Brandon Williams will miss his sophomore season with a congenital knee issue that flared up again last season. He missed six games with the problem as a freshman; the UA went 1-5.

Knee issues have sidelined Arizona guard Brandon Williams again, this time for the entire 2019-20 season.

Arizona announced Wednesday that the rising sophomore will miss the season after undergoing knee surgery. The school declined to specify further details, but Williams has struggled with a congenital issue above his right knee for over three years and missed six games with it late last season.

“The news of Brandon’s season-ending surgery is beyond disheartening,” UA coach Sean Miller said in a statement. “All of us that comprise Brandon’s Arizona basketball family, as well as our own loyal and passionate fan base, will rally around him and support him as he begins his journey to recovery.”

After becoming a five-star prospect early in his high school career, Williams has dealt with an issue known as osteochondritis dissecans, which sometimes results in bone and cartilage breaking free and causing pain or restricted motion above his right knee.

Williams had swelling on the knee regularly while playing on the EYBL club circuit in 2016, and then had surgery on the knee as a junior at Crespi High School in Southern California. He stayed out of the game for 10 months, missing the 2017 club season. Williams’ ranking dropped, and he played restricted minutes early during his senior season of high school before finishing strongly.

As a freshman at Arizona last season, Williams finished second on the team in scoring (11.4 points per game) and minutes played (28.2 per game) but missed a month of the Pac-12 season when his knee flared up again.

On Dec. 14, Williams bruised the knee in practice and was limited against Baylor the next day, Miller said last season, and the guard experienced pain and swelling after the UA’s Jan. 26 game at UCLA.

During a news conference the following week, Miller confirmed the injury Williams suffered was not a new one.

“I think what I’m being told it’s just part of the path that he’s traveling, with the surgery that he had and the problem that maybe he had before he got here to Arizona,” Miller said then.

“As we’ve shut him down, that pain has had a hard time going away and now it’s in his best interests just to make sure that we know everything that’s going on. We shut him down, (to) kind of allow that pain to diminish and the hope is every day, every week it diminishes and at some point this season he potentially could return.

“I’ve got my fingers crossed for him that he’ll be OK because he’s obviously a terrific player playing the best basketball of his career at Arizona, and as somebody who’s already kind of paid the price with that knee in that he’s gotten through a hard part before he got here.”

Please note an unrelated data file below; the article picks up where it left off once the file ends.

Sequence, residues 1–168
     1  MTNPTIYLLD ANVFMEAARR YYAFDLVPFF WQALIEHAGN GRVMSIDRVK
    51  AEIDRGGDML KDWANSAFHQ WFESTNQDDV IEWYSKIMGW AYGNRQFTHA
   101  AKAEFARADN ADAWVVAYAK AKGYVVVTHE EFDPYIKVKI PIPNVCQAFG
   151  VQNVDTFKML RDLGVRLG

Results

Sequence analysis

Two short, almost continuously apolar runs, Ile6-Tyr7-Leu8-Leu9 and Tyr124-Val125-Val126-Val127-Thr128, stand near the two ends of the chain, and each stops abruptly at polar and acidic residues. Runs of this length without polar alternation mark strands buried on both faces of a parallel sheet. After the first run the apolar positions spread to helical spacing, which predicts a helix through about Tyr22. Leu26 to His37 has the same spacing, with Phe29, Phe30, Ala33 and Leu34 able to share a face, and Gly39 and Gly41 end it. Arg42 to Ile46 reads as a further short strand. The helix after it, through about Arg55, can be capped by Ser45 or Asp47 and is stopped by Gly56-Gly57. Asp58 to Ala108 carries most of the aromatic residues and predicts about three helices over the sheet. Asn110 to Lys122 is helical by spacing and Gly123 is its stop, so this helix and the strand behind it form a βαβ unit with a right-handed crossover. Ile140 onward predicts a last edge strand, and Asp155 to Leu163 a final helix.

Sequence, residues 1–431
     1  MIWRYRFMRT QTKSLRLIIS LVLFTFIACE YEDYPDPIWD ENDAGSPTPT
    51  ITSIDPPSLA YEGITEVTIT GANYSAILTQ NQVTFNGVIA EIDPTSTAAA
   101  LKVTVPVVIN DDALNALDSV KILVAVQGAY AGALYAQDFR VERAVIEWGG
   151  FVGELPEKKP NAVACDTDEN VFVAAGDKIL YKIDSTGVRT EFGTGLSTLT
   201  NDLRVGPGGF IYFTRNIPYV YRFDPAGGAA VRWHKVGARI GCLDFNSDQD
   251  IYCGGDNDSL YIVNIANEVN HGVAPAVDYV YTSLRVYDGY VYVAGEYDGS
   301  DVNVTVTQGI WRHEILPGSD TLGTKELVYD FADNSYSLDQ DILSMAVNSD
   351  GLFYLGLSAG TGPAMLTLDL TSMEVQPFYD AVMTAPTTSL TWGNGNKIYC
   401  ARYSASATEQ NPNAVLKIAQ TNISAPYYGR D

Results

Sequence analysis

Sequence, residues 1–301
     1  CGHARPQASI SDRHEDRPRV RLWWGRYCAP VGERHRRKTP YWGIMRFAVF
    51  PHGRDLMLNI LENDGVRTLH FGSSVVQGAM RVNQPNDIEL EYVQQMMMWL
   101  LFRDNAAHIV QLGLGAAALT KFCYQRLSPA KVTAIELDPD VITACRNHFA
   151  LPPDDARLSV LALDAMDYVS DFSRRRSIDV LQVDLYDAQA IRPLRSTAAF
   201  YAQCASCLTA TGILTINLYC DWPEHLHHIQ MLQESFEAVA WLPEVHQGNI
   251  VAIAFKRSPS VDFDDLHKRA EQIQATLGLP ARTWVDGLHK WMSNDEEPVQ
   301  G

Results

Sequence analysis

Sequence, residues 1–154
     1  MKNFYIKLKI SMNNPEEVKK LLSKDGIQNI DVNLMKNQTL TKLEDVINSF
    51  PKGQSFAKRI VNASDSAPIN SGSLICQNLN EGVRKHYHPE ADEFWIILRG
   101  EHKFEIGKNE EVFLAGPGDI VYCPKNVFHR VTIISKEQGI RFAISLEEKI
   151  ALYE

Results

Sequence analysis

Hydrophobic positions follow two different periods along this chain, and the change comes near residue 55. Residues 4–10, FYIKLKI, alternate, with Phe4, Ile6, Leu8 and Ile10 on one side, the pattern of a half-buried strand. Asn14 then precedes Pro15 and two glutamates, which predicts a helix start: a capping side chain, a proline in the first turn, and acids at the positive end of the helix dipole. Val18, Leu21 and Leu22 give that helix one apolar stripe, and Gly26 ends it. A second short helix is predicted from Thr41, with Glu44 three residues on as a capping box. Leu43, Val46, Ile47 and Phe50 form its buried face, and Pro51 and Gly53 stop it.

Williams missed the next six games. Without him, Arizona lost its next five games to extend its losing streak to seven, its worst stretch in 36 seasons. The Wildcats ended their streak with a win against Cal and Williams returned for the next game, against Stanford on Feb. 24.

Brandon Williams said he looks forward “to supporting my teammates and coaches” as he recovers from knee surgery.

He never quite regained top form upon returning.

In five final games after he came back, Williams averaged just 8.6 points while shooting 33.3% from 3-point territory and committing nine turnovers to eight assists.

After the season, Williams underwent more surgery and rehabilitation, generating considerable speculation that he might leave the Wildcats either for one season or permanently. However, his stepfather, Chris Wright, said Williams plans to return to the court in 2020-21. Williams expressed optimism in a statement UA released Wednesday.

“I want to thank my family, fans and the Arizona Basketball program for their continued support,” Williams said.

“I’ve overcome obstacles before in my life and will work with our strength and medical staffs to overcome this one. I’m dedicated to continuing my work in the classroom as a student, and I look forward to supporting my teammates and coaches as I spend this season focusing on my health.”

While the Wildcats have five-star guards Nico Mannion and Josh Green coming in next season, plus graduate transfer shooting guard Max Hazzard, Williams’ loss will hurt their depth at point guard.

Last season, Williams started at off guard and played the point when senior Justin Coleman wasn’t in the game. Without Williams and since-transferred guard Alex Barcello, the Wildcats now may turn to Hazzard or possibly sophomore Devonaire Doutrive to play behind Mannion.

Jemarl Baker, a 6-foot-4-inch combo guard, is also on the Wildcats’ roster but is expected to sit out this season after transferring from Kentucky.


Bruce is a veteran Star sports reporter who has also worked at the Las Vegas Review-Journal. He graduated from Northwestern University and has an MBA from Thunderbird.